Why does history even matter?

by Professor of History Moryam VanOpstal


One of the hazards of being a teacher is having your basic life choices challenged on a regular basis. It’s the classic student uppercut, and it (The Question) comes at least once a year: “Hey, why does history even matter?!” When stress levels are at their highest, sometimes it’s followed by the left hook: “Why does SCHOOL even matter?!”

A new APUSH teacher wanted help after he was blindsided by the question recently, and the teacherly profession sprang into action. This wasn’t exactly an original question, after all, and other teachers began sharing their go-to answers: “Because, even if you forget everything else, you’ll learn critical thinking skills” — “Because citizens need to be informed” — and, one of my personal favorites, “Because you’ve walked in on the last ten minutes of this movie we call history, and you want to know what’s going on” — and so on.

The answers were pretty good, but I have to admit that I wanted something more myself. After all, when I’m in the voting booth, knowing that Andrew Jackson vetoed the Second Bank of the United States does seem a little irrelevant. So, why is it on the test again?

Really, what can you do with history? For that matter, what can you do with most of the math, philosophy, literature, biology, or Latin you learn in school?

It’s a hard question to answer, but I think that’s because the question is wrong — so, I’m going to dodge the question, but I hope you won’t think I’m cheating. We have to think about this a little differently. Consider athletics for a moment. The right question isn’t what you “do” with a push-up, for example, but instead what a push-up “does” with you. For that matter, what do you “do” with 10 more laps? Obviously, it’s the wrong question: what does running 10 more laps do with you?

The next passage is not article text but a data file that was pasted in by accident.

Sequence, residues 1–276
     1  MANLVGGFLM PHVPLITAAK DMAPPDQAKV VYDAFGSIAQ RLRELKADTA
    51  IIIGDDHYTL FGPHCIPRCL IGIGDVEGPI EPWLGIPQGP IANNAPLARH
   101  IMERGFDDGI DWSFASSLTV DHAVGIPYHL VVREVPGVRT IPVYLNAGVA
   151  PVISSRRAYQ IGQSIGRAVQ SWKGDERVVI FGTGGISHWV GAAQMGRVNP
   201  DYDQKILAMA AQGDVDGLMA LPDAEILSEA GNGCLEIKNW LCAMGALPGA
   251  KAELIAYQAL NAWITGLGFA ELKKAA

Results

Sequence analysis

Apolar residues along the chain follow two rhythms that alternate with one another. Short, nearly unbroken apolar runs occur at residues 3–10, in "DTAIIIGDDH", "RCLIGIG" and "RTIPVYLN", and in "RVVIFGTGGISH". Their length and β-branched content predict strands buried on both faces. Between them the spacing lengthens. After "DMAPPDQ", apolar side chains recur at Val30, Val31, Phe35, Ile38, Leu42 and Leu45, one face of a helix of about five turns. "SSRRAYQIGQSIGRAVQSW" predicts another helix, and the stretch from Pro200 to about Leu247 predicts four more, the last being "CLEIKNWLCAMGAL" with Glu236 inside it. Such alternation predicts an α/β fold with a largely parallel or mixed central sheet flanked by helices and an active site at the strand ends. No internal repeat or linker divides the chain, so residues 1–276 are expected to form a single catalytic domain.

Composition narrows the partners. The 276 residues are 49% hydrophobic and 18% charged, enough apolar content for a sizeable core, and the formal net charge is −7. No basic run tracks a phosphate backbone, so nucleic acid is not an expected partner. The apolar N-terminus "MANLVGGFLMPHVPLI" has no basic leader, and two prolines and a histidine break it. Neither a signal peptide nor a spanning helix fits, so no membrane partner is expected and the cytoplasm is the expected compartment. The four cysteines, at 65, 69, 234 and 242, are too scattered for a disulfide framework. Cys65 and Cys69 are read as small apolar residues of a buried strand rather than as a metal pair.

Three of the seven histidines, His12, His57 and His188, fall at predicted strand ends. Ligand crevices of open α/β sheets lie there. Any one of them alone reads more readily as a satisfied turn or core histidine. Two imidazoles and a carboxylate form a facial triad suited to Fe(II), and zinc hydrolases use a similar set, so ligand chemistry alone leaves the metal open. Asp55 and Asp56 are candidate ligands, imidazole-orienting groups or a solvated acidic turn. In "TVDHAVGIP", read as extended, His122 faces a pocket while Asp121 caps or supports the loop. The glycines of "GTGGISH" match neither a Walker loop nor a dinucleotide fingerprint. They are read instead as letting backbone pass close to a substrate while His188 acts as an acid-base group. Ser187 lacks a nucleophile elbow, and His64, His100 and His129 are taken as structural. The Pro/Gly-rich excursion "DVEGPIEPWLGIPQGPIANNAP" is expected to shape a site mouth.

If there’s a crisis in the world today, it’s not a crisis of information — we’ve got more of it at our fingertips, literally, than at any point in the past. Instead, as a people, we suffer from a crisis of knowledge about what is good, and a crisis of wisdom about how to live in light of it. We know everything about life and living except how to live well. “Get wisdom, and whatever you get, get insight!” the Proverbs declare. What we need most of all is to learn how to see truth more clearly, to have our eyes trained and our vision of the good clarified. That’s the needful thing.

So, what’s history for? The important question isn’t, “What do you do with history?”, but, “What does history do with you?” To really find out, we must dive in. It does very little good to skim the surface, to scrape the trivia off the top. When we dive in, the unfolding drama of every human endeavor becomes apparent. Through the eyes of the ages, we learn what is good and evil, what has built peoples up and what has torn them down, what uses the gifts of God well and what wastes and perverts them. We become able to see more clearly how to live, and that moral vision doesn’t easily fade, even over summer break.

When we study history — or study anything well, for that matter — we become a little more informed, sure. When we seek diligently, however, we gain something more than scraps of trivia or buckets of facts. We gain, by the grace of God, eyes to see and ears to hear, and a truer understanding of how to live well to the glory of God.